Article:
Remember to Work hard. Pay attention. Ask questions.
When I was a kid, my dad would drop off me and my sisters at school most mornings. On our way there, we’d listen to the local news and would sometimes chat about the day ahead. But when we got to the drop-off spot, Dad would turn to us and utter this statement: “Work hard, pay attention, ask questions.” We’d roll our eyes with an “Ok Dad,” climb out of the car and be on our way for the day. Fortunately, the phrase stuck with me and has helped me frame my thinking both personally and professionally over the years. Let’s break it down.
This statement seems self-explanatory, but when you stop and reflect on it, it opens a larger conversation. When I think about working hard, I imagine myself doing grueling, backbreaking labor. And while that’s not necessarily untrue, it paints a very narrow picture of what it means to do hard work. Hard work is about the level of effort we’re willing to put into something both physically and mentally. It’s also about our diligence, persistence, and thinking of better ways to efficiently complete our tasks. Perhaps another way of saying this is the commonly used phrase: work smarter. A few ways to accomplish this include strategic thinking, collaboration, teamwork, and problem-solving. Working hard is about achieving goals and getting it done, but it’s also about how you uncover ways to get there faster with improved quality while demonstrating flexibility and innovation.
We all need to listen and observe—so much of what we do depends on our relationships and the environments around us. Situational awareness is critical on every level of human existence from basic survival (ahem… don’t text and drive) to completing work tasks successfully. To do this, we need to tune in and gather the input necessary to help paint the big picture that’s evolving around us and accomplish our goals successfully. In addition to getting the information you need from employers, teammates, and clients, you’ll often gain unintended insights, find efficiencies, and build relationships, which are invaluable. When you put everything together, you’ll be able to track and monitor, review data and results, etc. to help inform and confirm your thinking and decisions. This holds true for almost everything from choosing the best ice cream to improving technological performances.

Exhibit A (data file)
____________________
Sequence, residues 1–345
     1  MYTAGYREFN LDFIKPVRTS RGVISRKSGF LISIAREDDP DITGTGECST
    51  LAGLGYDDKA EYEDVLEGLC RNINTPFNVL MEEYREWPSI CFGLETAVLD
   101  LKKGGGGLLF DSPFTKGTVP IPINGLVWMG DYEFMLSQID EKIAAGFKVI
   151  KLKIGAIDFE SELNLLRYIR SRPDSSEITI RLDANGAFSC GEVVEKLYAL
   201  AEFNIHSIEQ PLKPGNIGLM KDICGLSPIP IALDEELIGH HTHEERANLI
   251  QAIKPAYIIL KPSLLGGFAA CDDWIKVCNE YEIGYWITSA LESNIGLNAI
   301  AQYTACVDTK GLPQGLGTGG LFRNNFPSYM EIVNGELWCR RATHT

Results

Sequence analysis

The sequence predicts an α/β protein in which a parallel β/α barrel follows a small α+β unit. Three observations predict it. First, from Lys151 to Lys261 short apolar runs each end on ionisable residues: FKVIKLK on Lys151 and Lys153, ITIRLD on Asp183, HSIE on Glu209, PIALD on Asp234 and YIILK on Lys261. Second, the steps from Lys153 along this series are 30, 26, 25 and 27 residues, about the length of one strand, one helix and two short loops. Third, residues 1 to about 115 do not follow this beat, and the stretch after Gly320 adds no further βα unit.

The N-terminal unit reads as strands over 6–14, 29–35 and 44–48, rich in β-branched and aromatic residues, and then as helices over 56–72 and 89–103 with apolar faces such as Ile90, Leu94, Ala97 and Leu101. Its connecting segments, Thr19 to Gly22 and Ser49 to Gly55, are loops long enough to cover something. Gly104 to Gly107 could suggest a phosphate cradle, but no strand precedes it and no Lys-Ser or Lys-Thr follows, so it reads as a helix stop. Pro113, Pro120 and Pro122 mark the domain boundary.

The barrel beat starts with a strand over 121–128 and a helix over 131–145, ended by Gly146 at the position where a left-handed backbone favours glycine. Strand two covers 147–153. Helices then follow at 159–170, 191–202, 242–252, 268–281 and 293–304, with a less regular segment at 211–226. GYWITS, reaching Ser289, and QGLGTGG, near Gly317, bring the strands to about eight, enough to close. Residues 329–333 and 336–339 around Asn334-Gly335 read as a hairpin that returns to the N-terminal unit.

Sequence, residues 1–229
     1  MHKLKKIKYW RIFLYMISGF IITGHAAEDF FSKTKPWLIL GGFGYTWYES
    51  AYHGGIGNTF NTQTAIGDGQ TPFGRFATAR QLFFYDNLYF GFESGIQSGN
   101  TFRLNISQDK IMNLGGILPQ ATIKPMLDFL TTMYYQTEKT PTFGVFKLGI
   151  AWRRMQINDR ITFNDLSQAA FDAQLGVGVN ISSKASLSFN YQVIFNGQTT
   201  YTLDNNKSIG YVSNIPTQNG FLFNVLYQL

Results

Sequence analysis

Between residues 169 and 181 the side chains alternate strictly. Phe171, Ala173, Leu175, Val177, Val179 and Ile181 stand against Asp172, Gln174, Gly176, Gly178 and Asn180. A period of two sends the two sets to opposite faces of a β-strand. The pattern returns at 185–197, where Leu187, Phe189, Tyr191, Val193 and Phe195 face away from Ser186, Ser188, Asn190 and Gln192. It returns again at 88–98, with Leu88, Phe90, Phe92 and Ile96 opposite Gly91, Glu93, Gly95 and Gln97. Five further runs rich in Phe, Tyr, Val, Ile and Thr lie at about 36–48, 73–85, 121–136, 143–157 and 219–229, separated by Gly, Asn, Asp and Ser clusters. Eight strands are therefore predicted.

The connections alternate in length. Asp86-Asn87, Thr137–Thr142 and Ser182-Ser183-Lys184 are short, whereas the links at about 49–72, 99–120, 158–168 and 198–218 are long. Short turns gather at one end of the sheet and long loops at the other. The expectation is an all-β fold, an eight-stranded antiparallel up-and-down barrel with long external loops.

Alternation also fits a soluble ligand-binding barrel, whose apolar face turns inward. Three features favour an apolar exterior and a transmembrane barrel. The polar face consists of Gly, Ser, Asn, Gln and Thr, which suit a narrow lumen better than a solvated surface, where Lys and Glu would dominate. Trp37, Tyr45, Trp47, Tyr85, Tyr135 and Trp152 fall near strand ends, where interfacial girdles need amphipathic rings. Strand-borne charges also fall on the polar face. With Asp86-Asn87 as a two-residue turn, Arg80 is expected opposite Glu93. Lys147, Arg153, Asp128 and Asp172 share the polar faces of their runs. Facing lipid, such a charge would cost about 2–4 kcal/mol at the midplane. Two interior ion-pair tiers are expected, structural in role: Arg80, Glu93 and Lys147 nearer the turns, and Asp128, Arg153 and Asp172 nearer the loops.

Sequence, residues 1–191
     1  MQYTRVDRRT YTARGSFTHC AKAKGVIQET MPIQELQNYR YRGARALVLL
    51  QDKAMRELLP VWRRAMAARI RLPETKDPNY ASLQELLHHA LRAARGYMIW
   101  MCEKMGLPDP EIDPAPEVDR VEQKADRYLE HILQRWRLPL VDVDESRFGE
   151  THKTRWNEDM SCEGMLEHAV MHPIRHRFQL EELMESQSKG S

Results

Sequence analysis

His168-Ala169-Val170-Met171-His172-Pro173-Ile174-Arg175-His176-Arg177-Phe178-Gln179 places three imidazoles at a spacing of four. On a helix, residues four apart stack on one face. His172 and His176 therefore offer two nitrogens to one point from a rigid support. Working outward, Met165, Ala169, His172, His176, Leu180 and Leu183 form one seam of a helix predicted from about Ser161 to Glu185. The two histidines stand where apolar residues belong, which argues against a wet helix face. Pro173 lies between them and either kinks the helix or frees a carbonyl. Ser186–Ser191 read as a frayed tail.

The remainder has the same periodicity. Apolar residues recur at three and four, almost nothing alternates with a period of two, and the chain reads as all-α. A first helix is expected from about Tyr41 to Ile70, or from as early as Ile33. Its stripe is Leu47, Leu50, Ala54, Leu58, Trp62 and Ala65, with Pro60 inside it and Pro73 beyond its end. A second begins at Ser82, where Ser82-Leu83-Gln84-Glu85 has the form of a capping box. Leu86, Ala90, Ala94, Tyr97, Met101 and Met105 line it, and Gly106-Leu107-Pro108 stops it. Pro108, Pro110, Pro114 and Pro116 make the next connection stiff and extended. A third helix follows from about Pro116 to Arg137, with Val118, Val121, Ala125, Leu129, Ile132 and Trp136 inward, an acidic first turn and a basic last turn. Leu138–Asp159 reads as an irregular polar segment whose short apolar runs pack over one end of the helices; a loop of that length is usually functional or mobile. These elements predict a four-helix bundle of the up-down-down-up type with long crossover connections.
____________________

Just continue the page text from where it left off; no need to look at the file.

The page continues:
Perhaps the most important and human thing of all is our capacity to be curious and wonder at the world around us. From almost the moment we learn to communicate, we begin questioning everything. We want to know things, especially the things that we don’t know. What’s the meaning of life? Is it really 42? Probably not, but it’s worth exploring. Asking questions is all about growth. This is where you challenge your assumptions (what you believe to be true). Test the limits of your thinking, personally and professionally, by exploring the world around you to discover new ideas and perspectives and uncover new possibilities and insights.
Ultimately, these three things are deeply intertwined. Asking questions helps you pay attention better by turning you into an active listener. It helps you deepen relationships and encourages you (and others) to dig deeper into the stories around you. When you have more information to analyze, it leads you down a path to uncover ideas and insights. Armed with that knowledge and the possibilities, hard work leads you down a path of problem solving and innovation that enables you to execute at a high level with ever greater results.